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Judge Doyle Square - Exact Sciences building, rendering

Assuming it passes City Council review, developers hope to break ground on the massive Judge Doyle Square project by December. Anchoring the project will be the new corporate headquarters for biotech Exact Sciences Corp.

Barely beating a tight deadline, the city and JDS Development have signed a development agreement on the roughly $188 million Judge Doyle Square project south of Capitol Square.

The agreement sets key pieces of the project — a headquarters for booming Exact Sciences Corp., a hotel for Monona Terrace, a bicycle center and 1,250 parking spaces on blocks that hold the Madison Municipal Building and Government East parking garage. Included in the deal is a review of $42.5 million in city investments.

In late May, the City Council voted to pursue exclusive negotiations with JDS, composed of the Hammes Co. of Madison and Majestic Realty of Los Angeles, despite getting three other proposals.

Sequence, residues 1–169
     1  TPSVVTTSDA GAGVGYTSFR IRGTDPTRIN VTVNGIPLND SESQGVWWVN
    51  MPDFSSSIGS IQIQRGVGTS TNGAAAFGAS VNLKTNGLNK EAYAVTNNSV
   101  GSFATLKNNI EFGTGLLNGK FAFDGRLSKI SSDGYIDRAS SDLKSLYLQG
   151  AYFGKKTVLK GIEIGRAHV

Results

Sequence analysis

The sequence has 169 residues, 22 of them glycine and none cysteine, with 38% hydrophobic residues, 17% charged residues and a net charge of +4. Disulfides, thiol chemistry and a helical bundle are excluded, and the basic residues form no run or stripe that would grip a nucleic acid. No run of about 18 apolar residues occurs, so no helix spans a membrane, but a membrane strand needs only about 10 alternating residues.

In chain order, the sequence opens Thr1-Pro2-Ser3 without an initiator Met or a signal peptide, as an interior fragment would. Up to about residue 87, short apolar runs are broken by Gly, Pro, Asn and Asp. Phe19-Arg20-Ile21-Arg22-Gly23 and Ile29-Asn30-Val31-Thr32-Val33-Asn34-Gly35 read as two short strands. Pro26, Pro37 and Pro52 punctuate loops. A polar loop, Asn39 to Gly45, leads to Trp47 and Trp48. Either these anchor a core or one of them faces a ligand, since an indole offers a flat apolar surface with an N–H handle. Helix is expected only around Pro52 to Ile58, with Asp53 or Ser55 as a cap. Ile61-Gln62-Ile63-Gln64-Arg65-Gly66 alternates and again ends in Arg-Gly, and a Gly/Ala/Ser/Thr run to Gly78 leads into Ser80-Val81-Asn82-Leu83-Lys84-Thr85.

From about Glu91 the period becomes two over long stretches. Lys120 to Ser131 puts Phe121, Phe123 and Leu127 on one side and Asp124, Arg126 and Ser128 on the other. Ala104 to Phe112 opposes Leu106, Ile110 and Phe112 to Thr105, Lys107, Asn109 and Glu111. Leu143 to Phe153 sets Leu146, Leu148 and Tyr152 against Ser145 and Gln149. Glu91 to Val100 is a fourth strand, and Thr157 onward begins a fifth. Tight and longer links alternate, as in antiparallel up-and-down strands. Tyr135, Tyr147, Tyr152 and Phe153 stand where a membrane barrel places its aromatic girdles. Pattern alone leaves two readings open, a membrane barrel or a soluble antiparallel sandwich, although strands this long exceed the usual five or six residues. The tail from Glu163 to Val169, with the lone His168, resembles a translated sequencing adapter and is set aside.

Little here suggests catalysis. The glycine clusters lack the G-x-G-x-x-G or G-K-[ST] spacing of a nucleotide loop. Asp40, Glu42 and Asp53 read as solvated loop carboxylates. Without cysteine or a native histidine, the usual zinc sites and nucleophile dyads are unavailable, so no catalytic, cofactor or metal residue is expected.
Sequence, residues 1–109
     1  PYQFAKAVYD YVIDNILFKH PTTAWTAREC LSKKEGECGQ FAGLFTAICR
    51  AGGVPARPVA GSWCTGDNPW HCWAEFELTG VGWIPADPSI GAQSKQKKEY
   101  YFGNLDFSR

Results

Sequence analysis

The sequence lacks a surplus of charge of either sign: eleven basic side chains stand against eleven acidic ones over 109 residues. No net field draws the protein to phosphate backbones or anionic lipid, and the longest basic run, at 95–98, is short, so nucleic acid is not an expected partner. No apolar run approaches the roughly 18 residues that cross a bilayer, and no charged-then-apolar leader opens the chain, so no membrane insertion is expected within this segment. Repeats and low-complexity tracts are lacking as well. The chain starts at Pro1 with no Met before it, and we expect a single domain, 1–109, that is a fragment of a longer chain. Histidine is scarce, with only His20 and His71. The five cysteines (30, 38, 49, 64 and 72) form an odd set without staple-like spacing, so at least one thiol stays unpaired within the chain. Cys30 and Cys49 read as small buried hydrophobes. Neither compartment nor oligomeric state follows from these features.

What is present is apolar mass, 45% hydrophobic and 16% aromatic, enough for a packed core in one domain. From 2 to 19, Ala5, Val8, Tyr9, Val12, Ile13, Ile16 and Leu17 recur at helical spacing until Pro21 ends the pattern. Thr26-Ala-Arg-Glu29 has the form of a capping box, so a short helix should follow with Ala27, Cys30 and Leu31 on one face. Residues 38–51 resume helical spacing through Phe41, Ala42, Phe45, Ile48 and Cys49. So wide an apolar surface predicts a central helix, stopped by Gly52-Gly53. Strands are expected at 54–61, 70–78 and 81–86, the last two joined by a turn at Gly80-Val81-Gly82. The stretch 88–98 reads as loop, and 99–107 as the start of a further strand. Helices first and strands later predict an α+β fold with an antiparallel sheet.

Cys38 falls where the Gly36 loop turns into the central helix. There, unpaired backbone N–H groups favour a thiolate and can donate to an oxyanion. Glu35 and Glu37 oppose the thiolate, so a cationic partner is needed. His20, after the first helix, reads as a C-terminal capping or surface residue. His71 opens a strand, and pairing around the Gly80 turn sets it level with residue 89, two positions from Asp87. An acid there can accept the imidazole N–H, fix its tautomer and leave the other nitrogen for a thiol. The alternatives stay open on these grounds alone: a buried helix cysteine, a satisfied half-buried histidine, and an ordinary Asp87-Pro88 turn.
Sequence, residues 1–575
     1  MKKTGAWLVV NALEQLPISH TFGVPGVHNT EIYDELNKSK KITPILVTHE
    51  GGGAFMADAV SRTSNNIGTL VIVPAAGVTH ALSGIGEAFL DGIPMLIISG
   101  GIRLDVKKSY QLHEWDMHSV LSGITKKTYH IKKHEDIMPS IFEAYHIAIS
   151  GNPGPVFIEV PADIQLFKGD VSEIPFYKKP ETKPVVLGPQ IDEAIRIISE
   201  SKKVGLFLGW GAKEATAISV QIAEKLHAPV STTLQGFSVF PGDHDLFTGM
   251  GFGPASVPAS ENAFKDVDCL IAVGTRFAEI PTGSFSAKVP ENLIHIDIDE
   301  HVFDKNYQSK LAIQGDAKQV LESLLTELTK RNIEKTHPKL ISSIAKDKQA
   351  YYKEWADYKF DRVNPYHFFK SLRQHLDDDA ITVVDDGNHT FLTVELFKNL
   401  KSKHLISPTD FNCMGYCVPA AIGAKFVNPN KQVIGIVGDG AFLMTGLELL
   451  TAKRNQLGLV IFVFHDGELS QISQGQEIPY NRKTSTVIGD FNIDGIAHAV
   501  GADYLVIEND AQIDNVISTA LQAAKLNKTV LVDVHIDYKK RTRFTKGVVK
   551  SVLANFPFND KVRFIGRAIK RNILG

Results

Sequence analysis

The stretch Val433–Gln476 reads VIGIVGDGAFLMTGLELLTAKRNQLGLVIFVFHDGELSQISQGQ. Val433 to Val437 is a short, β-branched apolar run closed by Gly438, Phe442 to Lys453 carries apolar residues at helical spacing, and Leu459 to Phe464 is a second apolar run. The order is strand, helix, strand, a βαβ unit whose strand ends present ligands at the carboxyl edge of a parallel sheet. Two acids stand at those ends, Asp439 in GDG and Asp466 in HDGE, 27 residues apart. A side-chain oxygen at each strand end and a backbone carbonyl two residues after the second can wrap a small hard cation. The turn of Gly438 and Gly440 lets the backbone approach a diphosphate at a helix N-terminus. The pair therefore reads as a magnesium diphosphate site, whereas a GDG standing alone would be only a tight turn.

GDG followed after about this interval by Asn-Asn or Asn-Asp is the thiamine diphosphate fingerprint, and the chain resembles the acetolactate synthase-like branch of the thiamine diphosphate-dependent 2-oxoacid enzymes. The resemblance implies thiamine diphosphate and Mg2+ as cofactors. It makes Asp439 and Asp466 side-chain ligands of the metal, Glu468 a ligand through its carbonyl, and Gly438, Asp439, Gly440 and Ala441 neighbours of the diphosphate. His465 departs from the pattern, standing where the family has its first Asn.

The sides have been rushing to meet a deadline set by Exact Sciences, which wants to break ground in December so it can occupy new offices by summer 2017. Exact Sciences extended an initial deadline for a development agreement from June 29 to Tuesday.

Mayor Paul Soglin and JDS signed the agreement late Tuesday. The sides will now negotiate unresolved matters including parking, number of hotel rooms, and what happens if the project doesn’t proceed. They must bring an amended agreement to the city’s finance committee on Aug. 24 and full council on Sept. 1. JDS will proceed with design.

“This is the first important milestone of the project,” city project manager George Austin said. “If we hadn’t done this, we would have been moving to the other three proposals, and Exact Sciences would be looking to locate at another site.”

Hammes president Robert Dunn praised what he called “a spirit of cooperation between the city, ourselves and Exact Sciences” to get the project underway. “We feel very good about it. It’s going to be a landmark project for Madison.”

Downtown Ald. Mike Verveer, 4th District, said the agreement was just one of “many steps that have to be taken. A lot of heavy lifting is left to be done.”